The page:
As far as my little presentation went, it was not extemporaneous. I had written it down and worked and reworked it with my friend. The people I was going to be talking to were Quechuan and so their Spanish is somewhat adulterated or mixed with the Quechua language. So my friend wanted to make sure that the vocab/grammar I used was understandable. Actually, he said that my first draft was good enough to be understood by most of the people but we both wanted me to polish it up so to speak for my own practice as well as for the ease of understanding on the listener's part. I read it to a local school teacher that I met there (that's another story) and then had him proof read it. He made 2 corrections that he said were minor and he complimented me on my grammar. He then asked if he could keep my draft. Of course I was honored to let him have it.

I'll write more later. Right now I need to get something to eat and then hit the sack. I'm on graveyards this week. In Bolivia you don't want to say adios so I'll leave you with ciao.

ciao,
Jeff
Trip to Bolivia
Patrice-B July 16, 2014, 2:58 pm
¡Qué casualidad! Esta mañana con mi palabra del día calendario y leí sobre un lugar de Bolivia se llama "Salar de Uyuni". It is the largest salt flat on Earth. It had me looking at my map to see the location of Bolivia. "Landlocked" it is sharing borders with Chili, Peru, Brazil, Paragua, y Argentina! I too will look forward to reading more from Jeff about this country.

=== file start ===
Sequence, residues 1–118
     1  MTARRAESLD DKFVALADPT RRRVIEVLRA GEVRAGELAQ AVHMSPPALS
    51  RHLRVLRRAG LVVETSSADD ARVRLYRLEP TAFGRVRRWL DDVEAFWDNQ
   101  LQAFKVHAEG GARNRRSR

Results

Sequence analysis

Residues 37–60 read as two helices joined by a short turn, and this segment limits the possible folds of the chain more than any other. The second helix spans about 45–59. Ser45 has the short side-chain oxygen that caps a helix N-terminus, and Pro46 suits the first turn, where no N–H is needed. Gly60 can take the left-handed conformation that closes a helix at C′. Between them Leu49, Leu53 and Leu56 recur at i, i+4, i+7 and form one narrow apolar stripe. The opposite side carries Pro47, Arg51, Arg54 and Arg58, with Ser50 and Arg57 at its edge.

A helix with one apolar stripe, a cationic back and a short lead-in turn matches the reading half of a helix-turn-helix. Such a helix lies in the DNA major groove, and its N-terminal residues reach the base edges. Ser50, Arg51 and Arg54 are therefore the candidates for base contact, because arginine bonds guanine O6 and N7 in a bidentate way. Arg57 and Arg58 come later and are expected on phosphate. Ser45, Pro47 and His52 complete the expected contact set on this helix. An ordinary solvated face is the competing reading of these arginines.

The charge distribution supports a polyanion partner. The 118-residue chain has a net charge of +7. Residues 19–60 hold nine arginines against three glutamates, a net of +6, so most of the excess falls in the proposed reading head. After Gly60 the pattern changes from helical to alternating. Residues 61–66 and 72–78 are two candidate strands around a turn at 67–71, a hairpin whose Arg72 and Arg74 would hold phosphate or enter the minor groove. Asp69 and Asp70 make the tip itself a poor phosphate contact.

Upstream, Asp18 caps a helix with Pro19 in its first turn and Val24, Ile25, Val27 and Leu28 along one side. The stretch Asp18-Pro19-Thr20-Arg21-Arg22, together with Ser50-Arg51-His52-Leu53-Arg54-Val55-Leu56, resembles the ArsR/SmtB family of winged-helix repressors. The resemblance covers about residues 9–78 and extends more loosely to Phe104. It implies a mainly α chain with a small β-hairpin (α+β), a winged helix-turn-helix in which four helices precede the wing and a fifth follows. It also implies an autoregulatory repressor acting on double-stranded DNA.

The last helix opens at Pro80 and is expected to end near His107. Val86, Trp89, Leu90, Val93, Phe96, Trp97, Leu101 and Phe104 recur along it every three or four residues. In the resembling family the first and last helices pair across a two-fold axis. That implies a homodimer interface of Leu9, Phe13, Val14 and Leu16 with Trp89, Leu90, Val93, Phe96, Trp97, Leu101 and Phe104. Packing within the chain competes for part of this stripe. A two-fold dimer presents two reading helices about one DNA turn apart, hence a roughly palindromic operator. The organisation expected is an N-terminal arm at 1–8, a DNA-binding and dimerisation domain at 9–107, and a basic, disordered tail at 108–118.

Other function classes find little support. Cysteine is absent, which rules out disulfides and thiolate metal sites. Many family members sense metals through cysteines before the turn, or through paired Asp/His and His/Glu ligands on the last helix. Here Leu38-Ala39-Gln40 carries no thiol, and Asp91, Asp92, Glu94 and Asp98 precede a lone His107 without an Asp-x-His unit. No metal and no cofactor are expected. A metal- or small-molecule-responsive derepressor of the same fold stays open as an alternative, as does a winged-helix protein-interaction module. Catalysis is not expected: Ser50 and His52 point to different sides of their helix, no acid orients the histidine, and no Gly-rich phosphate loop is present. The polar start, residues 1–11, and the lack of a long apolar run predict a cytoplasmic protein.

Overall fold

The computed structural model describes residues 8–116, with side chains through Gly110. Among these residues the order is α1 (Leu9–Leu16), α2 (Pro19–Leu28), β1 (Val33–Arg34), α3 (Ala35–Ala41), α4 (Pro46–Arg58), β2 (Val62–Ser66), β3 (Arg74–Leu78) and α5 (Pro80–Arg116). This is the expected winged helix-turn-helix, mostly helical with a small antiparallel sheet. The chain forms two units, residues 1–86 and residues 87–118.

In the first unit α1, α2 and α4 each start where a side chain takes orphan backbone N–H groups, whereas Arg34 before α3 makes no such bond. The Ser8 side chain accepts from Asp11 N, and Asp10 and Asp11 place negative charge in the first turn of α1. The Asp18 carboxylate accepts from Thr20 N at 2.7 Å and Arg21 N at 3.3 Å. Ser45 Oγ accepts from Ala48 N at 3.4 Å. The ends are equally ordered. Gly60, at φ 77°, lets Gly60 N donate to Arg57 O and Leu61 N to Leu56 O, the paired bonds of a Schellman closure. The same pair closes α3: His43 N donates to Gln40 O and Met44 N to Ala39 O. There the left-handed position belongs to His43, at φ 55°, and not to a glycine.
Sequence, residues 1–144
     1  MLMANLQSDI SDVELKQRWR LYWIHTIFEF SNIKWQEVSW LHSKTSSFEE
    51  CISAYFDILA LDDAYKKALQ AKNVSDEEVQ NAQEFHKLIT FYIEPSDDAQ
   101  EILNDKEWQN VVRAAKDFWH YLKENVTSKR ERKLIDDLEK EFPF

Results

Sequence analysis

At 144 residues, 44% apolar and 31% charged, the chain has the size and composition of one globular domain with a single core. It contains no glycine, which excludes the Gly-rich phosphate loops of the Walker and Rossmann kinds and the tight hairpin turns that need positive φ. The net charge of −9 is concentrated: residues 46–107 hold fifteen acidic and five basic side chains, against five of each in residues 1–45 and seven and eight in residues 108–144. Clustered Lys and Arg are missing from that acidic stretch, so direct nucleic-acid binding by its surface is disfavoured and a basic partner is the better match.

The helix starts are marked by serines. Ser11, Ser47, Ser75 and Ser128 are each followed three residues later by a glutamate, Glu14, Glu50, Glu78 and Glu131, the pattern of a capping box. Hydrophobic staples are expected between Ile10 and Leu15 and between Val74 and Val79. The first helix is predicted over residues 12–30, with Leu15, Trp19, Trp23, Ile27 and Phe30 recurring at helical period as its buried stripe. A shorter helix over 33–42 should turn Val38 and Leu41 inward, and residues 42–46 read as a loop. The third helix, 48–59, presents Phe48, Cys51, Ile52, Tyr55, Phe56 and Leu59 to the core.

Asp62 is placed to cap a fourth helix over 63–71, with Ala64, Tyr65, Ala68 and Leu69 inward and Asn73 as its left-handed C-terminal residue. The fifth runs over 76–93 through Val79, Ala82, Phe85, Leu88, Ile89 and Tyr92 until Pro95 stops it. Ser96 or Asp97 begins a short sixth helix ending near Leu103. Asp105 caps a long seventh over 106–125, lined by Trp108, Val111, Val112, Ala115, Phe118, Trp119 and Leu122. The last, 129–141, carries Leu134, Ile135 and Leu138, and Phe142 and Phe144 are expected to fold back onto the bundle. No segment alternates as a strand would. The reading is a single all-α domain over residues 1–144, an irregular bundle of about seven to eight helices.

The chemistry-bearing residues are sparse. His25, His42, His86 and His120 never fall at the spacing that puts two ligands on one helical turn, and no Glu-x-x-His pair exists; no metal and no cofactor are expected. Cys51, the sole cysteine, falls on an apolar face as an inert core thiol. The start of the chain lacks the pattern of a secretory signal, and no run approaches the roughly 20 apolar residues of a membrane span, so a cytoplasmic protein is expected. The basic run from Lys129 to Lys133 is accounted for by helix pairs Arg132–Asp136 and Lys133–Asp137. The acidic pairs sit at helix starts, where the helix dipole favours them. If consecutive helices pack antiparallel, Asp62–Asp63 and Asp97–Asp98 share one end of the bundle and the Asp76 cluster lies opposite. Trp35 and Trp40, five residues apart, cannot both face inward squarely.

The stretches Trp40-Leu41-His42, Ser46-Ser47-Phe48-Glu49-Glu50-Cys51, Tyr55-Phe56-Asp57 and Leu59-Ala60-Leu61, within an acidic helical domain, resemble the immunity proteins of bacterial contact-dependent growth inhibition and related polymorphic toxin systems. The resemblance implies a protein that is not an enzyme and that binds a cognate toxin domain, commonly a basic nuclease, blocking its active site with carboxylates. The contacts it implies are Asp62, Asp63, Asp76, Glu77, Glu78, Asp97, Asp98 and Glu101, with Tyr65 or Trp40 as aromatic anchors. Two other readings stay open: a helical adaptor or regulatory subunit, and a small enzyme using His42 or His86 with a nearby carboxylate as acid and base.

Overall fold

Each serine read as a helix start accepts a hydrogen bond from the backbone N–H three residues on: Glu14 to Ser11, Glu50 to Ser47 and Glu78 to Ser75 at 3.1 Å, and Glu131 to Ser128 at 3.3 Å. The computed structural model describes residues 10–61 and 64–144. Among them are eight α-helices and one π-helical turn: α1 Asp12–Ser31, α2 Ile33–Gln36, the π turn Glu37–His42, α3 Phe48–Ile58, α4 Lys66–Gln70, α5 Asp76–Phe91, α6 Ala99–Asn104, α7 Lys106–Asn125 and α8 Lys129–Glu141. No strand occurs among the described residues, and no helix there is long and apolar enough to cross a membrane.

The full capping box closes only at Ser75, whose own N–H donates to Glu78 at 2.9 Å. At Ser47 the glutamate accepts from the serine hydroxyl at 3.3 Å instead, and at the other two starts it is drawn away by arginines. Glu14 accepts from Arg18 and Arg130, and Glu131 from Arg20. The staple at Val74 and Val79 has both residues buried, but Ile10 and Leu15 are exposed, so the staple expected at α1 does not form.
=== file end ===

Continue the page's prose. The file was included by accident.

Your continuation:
Trip to Bolivia
the-hefay July 17, 2014, 3:00 am
A little about the geography and ecology. Bolivia is roughly the size of Texas and California. Though not geographically large it is a country of extremes. The elevation ranges from 295 ft to 21,460 ft. It has an almost complete gamut of ecosystems from tropical rain forest to alpine snow caps. Because of it's proximity to the equator, palm trees are able to grow at very high elevations. I do not know what the limit is, but there are palm trees growing at 11,700 ft in La Paz at the Plaza Avaroa. Here in Wyoming, 11,700 ft is rock only; definitely no trees at that elevation. Being in the mountains in Bolivia is much different than being in the Rocky Mountain regions of the US due to the fact that timberline is so much higher. I felt like I was in the mountains and yet the vegetation tried to convince me that I was at a much lower elevation...Read MoreA little about the geography and ecology. Bolivia is roughly the size of Texas and California. Though not geographically large it is a country of extremes. The elevation ranges from 295 ft to 21,460 ft. It has an almost complete gamut of ecosystems from tropical rain forest to alpine snow caps. Because of it's proximity to the equator, palm trees are able to grow at very high elevations. I do not know what the limit is, but there are palm trees growing at 11,700 ft in La Paz at the Plaza Avaroa. Here in Wyoming, 11,700 ft is rock only; definitely no trees at that elevation. Being in the mountains in Bolivia is much different than being in the Rocky Mountain regions of the US due to the fact that timberline is so much higher. I felt like I was in the mountains and yet the vegetation tried to convince me that I was at a much lower elevation. I did not spend much time in the lower elevations but my friend has seen monkeys and banana trees in those areas. Most of my trip was in the area south and east of Sucre which is a mountainous area with a rainy season and a dry season. I was there during the transition of seasons to dry and I must say that it really reminded me of parts of Wyoming to Arizona. Rugged landscape with brushy vegetation and a great variety of cacti in all sizes. (albeit at quite a difference in elevation)